Alt-Country / Americana / Country / Features / Interviews / Rock / Six Strings

SIX STRINGS: Mark Lucas

 

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The latest instalment of Six Strings, where we focus on an Australian or New Zealand songwriter and dig into their musical psyche, opinions and memories via our Q&A. This one features Mark Lucas, a long-time stalwart of the local Sydney scene who arrived here from England at the dawn of the ’80s and went on to played with numerous bands including his current group The Dead Setters. Lucas is also the current president (and booker) of the Petersham Bowling Club, a community based venue that has thrown off the shackles of the pokies and a fading club to build a vibrant venue that caters to families, musicians, craft beer lovers and more.

neil-young-harvest1What was the album that first led you down the dusty path of Americana music?

Well, that was a while back now – I’d say either Workingman’s Dead back in boarding school (apart from British folk artists, the Grateful Dead were probably my main conduit to folk / bluegrass & hard country back in the early ‘70’s), or Neil Young’s Harvest (I listened to side 2 on repeat for a couple of hours, having ingested some particularly fine LSD at a party in 1974, the year I left school…I guess it stuck with me, particularly when I started busking in the London underground and was looking for material).

What’s been the most memorable gig you’ve played and why?

One of the great things about playing live is that when you get ‘in the zone’,  so-to-speak, even the smallest gig can be magical, but there’ve been a few special ones.  Playing the main stage at “Country Rocks” on Australia Day 2003 with the Opera House as a backdrop was pretty awesome and, more recently, opening for British country pickin’ legend and Emmylou Harris’ Hot Band member, Albert Lee at the Petersham Bowling Club was a buzz.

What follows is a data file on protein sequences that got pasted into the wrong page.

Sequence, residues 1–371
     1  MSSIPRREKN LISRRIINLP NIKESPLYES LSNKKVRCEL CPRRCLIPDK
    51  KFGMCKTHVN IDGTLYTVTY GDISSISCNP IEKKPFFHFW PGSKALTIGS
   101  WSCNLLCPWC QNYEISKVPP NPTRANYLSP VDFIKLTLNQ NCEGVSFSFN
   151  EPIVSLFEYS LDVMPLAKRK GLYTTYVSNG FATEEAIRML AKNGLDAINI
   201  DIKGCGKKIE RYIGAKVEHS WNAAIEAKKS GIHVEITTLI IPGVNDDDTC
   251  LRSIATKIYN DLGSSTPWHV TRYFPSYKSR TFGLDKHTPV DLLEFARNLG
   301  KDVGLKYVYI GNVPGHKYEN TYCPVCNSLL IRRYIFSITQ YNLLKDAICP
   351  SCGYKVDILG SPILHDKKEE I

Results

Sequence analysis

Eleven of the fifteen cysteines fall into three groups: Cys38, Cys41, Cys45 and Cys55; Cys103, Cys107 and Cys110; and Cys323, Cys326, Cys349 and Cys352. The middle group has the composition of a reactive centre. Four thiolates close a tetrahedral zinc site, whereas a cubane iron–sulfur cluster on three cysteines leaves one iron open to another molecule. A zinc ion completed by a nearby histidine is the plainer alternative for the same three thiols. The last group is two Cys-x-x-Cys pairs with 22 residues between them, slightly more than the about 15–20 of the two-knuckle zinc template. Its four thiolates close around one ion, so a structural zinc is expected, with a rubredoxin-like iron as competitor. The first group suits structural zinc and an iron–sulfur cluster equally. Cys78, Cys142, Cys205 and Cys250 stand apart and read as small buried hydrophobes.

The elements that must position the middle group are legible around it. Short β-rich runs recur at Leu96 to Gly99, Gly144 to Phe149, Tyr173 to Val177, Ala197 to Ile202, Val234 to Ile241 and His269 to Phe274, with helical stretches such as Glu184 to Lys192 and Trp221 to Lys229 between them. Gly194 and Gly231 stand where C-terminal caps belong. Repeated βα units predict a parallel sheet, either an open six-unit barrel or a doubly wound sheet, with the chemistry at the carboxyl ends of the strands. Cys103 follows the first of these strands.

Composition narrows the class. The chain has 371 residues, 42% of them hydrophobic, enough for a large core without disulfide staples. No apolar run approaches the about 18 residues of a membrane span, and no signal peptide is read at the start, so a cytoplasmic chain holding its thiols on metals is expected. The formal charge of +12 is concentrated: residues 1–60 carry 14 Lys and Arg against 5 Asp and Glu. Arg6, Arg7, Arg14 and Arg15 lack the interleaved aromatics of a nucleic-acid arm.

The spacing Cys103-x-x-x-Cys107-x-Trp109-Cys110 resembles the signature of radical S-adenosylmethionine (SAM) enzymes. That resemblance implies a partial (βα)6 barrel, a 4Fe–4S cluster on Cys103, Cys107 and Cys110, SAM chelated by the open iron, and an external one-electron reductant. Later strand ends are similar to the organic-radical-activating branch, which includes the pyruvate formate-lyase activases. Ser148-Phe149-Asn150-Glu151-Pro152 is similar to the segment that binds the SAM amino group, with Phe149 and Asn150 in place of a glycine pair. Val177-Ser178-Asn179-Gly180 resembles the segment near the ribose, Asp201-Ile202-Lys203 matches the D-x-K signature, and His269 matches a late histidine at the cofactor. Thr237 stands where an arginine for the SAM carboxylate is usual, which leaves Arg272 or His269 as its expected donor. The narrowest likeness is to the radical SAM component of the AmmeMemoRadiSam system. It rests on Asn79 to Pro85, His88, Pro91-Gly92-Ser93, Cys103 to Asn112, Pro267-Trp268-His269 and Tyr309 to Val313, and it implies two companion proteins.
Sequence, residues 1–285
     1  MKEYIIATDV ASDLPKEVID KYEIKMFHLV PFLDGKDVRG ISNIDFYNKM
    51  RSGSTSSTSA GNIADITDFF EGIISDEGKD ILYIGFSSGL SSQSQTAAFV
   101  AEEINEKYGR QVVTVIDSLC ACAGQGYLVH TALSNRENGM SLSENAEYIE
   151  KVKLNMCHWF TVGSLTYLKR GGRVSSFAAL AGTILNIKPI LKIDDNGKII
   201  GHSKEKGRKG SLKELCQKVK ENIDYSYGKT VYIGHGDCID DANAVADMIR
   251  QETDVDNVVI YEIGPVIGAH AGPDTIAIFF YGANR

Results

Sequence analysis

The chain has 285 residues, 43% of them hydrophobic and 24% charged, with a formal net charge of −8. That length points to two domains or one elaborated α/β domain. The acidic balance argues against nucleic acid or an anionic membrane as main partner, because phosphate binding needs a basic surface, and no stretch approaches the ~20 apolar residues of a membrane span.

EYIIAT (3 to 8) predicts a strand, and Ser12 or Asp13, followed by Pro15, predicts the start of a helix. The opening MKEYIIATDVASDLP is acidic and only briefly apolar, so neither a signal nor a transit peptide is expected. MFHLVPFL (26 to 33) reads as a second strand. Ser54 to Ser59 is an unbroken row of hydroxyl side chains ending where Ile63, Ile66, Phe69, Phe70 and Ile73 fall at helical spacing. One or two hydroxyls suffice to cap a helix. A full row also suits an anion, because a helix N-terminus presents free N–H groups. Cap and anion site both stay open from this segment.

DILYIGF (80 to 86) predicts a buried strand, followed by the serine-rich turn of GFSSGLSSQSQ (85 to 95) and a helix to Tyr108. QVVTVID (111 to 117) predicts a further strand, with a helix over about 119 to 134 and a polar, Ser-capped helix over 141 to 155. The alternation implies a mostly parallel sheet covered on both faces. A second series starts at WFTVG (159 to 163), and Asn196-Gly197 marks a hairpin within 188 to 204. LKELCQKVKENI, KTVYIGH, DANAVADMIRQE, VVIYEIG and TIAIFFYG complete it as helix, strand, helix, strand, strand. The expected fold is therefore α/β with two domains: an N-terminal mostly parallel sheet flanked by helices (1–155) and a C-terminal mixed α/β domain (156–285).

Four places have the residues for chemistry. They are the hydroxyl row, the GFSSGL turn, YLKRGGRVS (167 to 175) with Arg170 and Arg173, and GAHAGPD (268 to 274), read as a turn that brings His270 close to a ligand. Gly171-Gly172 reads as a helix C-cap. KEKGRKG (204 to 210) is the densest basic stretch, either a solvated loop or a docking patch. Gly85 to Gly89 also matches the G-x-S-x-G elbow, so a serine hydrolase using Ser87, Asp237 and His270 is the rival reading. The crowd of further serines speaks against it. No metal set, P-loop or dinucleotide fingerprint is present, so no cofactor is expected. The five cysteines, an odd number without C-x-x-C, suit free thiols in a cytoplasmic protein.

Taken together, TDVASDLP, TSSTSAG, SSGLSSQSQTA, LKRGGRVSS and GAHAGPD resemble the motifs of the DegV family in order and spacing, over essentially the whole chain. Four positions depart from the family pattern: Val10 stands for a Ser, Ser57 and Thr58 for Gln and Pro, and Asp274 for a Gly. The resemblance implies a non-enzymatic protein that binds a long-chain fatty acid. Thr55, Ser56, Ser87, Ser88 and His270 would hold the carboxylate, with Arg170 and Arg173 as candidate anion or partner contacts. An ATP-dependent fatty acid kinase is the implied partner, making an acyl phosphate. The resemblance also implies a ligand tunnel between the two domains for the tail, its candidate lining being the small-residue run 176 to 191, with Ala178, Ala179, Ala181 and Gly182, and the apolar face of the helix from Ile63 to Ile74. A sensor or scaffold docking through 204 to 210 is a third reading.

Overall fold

IMG_8861How did you learn to play your instrument?

Apart from a handful of jazz guitar lessons when I was 20 or so, from which I learned some neat chords I still use but couldn’t begin to describe, I’m pretty much self-taught. I bought my first guitar, a Terada acoustic, from a kid at school, as he wanted to give up to study, I had other ideas. I essentially I learned from records and hanging with better players.

What do you consider the finest song you’ve written and why?

I’d probably have to say ‘For Everything Else I Got You’, a cut off my 2005 White Man Soul album; partly because I wrote it for my wife and I think it captures something, but it was also one of the last songs I entered in a song comp and was finalist in the Americana section of the 2006 International Songwriting Competition. That said, I’m currently feeling at a creative peak and happily one of the great things about songwriting is that there are no restrictions – the rites of  passage continuing to provide a wealth of inspiration, so from the next album? – definitely a contender or two.

If you could sit-in with one other musician (living or dead) who would it be?